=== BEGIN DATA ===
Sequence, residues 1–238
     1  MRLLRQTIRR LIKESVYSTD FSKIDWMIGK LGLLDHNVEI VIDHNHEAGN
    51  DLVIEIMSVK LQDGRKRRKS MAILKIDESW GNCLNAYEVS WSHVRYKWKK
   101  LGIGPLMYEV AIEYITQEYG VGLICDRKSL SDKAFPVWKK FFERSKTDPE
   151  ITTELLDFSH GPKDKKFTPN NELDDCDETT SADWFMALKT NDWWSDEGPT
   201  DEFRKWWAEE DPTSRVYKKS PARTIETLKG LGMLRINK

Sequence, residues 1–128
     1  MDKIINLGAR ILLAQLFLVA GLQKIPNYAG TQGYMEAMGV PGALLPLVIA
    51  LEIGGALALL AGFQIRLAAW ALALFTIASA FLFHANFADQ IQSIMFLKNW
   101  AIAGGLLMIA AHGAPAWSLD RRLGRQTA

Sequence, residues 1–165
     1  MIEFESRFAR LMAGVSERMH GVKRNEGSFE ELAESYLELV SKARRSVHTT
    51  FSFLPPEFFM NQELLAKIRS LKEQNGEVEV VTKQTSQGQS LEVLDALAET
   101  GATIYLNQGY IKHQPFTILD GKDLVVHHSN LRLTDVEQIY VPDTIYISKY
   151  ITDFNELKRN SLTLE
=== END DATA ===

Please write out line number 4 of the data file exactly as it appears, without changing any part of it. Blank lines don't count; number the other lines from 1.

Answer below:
   101  LGIGPLMYEV AIEYITQEYG VGLICDRKSL SDKAFPVWKK FFERSKTDPE